Using replication for resilience on exascale systems
Marin Bougeret, Henri Casanova, Yves Robert, Frederic Vivien and Dounia Zaidouni
High performance computing applications must be tolerant to faults, which are common occurrences especially in post-petascale settings. The traditional fault-tolerance solution is checkpoint-rollback, by which the application saves its state to secondary storage throughout execution and recover from the latest saved state in case of a failure. An oft studied research question is that of the optimal checkpointing strategy: when should checkpoints be saved. Unfortunately, even using an optimal checkpointing strategy, the frequency of checkpointing must increase as platform scale increases, leading to higher checkpointing overhead. This overhead precludes high parallel efficiency for large-scale platforms, thus mandating other more scalable fault-tolerance mechanisms. One such mechanism is replication, which can be used in addition to checkpoint-rollback. Using replication, multiple processors perform the same computation so that a processor failure does not necessarily mean application failure. While at first glance replication may seem wasteful, it may be significantly more efficient than using solely checkpoint-rollback at large scale. In this work we investigate two approaches for replication. In the first approach, each process in a single instance of a parallel application is (transparently) replicated. In the second approach, entire application instances are replicated. We provide a theoretical study of these two approaches, comparing them to checkpoint-rollback only, in terms of expected application execution time.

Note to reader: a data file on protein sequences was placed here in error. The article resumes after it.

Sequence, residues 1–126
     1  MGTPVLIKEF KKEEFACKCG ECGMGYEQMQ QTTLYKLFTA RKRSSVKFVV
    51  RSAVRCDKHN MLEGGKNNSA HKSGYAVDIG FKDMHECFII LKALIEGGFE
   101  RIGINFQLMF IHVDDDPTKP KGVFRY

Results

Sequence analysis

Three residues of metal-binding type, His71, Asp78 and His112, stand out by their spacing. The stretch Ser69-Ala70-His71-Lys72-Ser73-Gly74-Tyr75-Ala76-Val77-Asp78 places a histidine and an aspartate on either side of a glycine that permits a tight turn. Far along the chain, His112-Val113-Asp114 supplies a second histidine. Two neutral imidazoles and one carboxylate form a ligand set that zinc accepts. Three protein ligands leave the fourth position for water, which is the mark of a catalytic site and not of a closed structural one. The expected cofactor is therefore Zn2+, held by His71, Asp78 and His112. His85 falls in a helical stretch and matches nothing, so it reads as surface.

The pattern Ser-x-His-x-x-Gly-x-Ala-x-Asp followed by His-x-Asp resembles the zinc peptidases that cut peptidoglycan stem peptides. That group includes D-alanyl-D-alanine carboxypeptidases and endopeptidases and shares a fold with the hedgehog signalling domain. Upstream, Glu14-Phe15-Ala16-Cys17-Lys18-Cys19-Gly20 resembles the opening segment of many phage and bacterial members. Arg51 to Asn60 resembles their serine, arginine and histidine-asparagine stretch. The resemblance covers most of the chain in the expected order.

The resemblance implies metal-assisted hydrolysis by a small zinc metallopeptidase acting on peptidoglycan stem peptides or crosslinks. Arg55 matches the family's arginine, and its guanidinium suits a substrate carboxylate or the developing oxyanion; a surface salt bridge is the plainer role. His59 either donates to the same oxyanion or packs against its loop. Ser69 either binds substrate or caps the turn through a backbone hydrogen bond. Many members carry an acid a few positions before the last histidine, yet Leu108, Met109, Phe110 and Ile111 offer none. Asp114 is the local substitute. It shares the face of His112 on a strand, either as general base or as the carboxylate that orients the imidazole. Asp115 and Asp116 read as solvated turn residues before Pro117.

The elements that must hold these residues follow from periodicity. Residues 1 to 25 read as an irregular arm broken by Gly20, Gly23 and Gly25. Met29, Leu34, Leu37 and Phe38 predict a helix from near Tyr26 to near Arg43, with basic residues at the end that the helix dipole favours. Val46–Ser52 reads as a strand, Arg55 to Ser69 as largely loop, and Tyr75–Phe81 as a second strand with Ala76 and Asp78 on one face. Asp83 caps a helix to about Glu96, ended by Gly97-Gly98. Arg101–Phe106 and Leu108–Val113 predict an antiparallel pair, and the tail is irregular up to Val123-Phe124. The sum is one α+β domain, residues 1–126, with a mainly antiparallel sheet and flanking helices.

Published 2011-12-20 05:00:00 as ut-cs-11-691 (ID:53)